Known for his outlandish worlds and colorful characters paired with rythmic rhymes, Dr. Seuss is one of the best known children's authors in the world. His books have come to life in movies and on-stage bringing with them a flair for the fanstastical - afterall who can forget Jim Carey as the "The Grinch" tapping his furry fingers, grinning his wide, evil grin and pacing around talking to himself like a madman. This March, we can expect more of the same with the release of the animated film "The Lorax". Danny Devito plays the grumpy, and quite impish, main character sputtering famous lines such as "I speak for the trees" ensuring this will be classic Seuss fun. Just as intriguing to me are those Seuss landscapes - puffy pink and yellow trees, rainbow colored bushes, crazy sizes and shapes. It's "Those Tuffula Trees! All my life I'd been searching for trees such as these." that drives Seuss' main character to set up shop in "The Lorax". But what inspired the crazy shapes and colors of the landscapes on Seuss' pages? Where lies the muse of his imagination?

Living in San Diego, just north of the Baja Peninsula in Mexico, Seuss' landscapes were inspired by the unique flora of the Sonoran desert. While filming Travel With Kids Baja last February, we had the chance to visit this desert, in which many species are unique, and it was like a Seuss story jumped right off the pages...wild shapes and colors punctuated an otherwise void and flat landscape. Opposites constantly contradicted eachother in this psychadelic landscape where prickly cacti shelter fluffy flowers. One of the kids' favorite, the towering telephone-pole-like Boojum trees, grow wildly almost exclusively on the Baja peninsula. Their branchless shape, stretching and knarled, surrounded by tiny green leaves and topped with a spray of twigs is Seussical in every way. Other cacti spring from what seems incredibly hostile soil in all shapes, sizes and colors - many appearing to defy gravity as their limbs curl in every direction.


Although we did not see any Brown Bar-ba-loots or Humming-Fish as populate the pages of "The Lorax", we did encounter another equally fascinating creature - the Gray Whale. During the months of January - April, the lagoons along Baja's Pacific Coast are packed with Grey Whales who come to shelter while courting and mating, birthing and raising newborns. These lagoons have long been a safe haven for the whales who make the longest mammal migration on earth, traveling thousands of miles from the Arctic Ocean. We visited Scammon's Lagoon, near Guerrero Negro, about midway down the Baja peninsula with Andiamo Travel . After a short launch ride past colonies of seal lions and huge mounds of salt (the salt flats here are the largest natural outdoor salt facility in the world), we hear spray and are covered in what the kids call "whale boogers" - the mist that rides the wind after a whale surfaces and exhales. Soon enough we are surrounded by whales and it's difficult to tell who is watching whom. One whale gets so close to the boat, you can see his eye peering up through the water - it's no wonder they call them "friendlies". The whale seems very curious and drifts closer, seemingly...and then actually...within touching distance. Nathan reaches over the side of the boat, and with a little help stretching over the side from another passenger, reaches through the water and gives the whale a little pat. Esther, co-owner of Andiamo Travel, says they never get within touching distance unless they want to be. She recounts numerous occassions where a whale lingers just out of reach, but this one hangs snug to the boat allowing both kids plenty of time to pet him.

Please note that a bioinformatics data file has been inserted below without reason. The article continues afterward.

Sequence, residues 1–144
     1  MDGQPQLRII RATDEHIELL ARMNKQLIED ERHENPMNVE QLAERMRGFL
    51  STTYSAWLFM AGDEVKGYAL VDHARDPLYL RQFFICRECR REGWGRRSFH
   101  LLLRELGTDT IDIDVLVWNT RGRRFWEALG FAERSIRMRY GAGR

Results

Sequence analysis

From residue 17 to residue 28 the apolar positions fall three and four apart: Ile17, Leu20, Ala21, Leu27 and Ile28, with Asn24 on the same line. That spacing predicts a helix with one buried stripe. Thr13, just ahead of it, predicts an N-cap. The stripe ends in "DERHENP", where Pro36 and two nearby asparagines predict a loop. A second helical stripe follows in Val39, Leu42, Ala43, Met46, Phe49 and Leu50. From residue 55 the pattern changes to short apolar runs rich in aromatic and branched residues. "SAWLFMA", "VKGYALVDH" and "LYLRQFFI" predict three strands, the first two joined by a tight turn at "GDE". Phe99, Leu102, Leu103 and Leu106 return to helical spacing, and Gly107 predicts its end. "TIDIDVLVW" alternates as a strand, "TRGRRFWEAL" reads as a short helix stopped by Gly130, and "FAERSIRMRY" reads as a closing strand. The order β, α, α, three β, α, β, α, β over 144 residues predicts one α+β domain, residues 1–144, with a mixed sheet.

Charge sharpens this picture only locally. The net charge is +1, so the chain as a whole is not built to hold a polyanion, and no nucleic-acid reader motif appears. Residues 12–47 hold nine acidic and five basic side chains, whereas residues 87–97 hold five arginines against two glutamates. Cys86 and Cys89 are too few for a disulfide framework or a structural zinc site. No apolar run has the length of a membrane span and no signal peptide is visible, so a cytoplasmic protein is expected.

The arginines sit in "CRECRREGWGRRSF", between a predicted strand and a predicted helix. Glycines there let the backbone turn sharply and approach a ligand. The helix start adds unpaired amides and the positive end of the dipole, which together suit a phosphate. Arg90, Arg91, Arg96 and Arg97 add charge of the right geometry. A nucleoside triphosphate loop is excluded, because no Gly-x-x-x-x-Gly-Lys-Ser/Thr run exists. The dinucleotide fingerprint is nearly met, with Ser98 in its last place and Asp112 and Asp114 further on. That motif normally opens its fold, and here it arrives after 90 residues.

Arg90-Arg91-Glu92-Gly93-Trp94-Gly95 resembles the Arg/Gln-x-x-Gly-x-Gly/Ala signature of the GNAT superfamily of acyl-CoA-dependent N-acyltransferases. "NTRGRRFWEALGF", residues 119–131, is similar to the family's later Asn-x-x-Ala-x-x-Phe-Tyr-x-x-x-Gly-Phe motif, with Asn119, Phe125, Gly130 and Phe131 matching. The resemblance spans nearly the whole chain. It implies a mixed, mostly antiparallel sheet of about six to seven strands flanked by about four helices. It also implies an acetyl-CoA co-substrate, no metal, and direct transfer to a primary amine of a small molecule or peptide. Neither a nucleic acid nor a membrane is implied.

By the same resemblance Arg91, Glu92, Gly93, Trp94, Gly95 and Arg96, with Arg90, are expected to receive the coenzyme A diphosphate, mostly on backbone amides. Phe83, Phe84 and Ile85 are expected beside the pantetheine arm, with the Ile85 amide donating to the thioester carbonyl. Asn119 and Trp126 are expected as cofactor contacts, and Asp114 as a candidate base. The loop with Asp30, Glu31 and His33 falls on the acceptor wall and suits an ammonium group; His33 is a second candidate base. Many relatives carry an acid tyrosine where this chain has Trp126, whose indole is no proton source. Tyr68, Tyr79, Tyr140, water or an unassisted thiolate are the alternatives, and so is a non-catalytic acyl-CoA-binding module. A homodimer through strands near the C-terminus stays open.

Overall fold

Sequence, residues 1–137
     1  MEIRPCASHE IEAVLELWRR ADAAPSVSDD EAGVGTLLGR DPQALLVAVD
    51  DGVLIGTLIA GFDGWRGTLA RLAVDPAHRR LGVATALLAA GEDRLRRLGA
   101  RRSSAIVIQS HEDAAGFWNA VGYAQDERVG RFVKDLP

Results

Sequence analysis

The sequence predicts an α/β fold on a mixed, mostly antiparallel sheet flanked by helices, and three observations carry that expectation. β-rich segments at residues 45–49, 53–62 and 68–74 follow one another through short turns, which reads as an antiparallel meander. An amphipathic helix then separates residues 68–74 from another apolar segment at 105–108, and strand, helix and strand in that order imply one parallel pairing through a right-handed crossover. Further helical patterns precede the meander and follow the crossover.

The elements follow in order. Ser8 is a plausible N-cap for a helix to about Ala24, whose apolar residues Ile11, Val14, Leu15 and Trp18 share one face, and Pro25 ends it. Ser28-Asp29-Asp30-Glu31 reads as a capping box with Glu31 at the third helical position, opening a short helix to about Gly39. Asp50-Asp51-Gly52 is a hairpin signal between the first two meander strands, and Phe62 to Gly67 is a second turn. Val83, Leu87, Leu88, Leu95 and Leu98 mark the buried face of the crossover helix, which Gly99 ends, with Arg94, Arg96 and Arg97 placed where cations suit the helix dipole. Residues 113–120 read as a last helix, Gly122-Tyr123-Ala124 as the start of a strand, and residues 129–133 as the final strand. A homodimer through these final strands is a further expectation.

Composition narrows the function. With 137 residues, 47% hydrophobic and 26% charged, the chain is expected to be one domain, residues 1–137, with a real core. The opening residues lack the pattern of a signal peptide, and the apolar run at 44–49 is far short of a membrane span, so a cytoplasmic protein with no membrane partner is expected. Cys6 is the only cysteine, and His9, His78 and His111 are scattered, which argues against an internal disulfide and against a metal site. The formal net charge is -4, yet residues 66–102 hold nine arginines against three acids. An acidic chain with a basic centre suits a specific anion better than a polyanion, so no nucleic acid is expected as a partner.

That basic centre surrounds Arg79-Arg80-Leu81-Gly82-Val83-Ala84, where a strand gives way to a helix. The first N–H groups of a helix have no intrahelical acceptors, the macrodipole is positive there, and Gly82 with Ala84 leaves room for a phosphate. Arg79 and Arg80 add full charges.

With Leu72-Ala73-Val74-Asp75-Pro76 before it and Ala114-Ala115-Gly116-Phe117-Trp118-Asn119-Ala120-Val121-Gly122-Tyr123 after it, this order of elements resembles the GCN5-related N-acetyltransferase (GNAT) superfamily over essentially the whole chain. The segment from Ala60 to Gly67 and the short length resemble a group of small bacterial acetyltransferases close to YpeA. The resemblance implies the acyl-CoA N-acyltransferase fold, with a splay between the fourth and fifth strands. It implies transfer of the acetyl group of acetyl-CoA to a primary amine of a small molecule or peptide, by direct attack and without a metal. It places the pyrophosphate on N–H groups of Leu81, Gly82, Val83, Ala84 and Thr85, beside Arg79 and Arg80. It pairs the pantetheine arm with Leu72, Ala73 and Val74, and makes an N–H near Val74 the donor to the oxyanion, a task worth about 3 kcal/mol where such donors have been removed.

The Gray Whales are making a come back thanks to their position on the endangered species list for so many years and the Baja Peninsula remains a pristine and remote outpost little touched by tourism. In addition to the desert and ocean life, there are many small towns and missions to visit. At the start of the road that runs down the peninsula are the cities of Tijuana and Ensenada and at end of the road lies Cabo San Lucas, a mega-tourist development with its own share of exciting family-friendly activities (and a nice respite from the rustic life along the peninsula), but in-between there is much to explore and discover. But go now, before a Once-ler comes along and starts cutting "Those trees. Those trees."!

For us Mexico has been a safe and fun adventure, but just in case, we always purchase travel insurance. We have used it for delayed luggage and medical mishaps and its worth every dime...even just for peace of mind. Consult A Doctor is a wonderful service offered by CSA Travel Protection that links you to a network of doctors on the road. Yes, they do sponsor our show, but yes we do use their services and have had excellent experiences with them as consumers.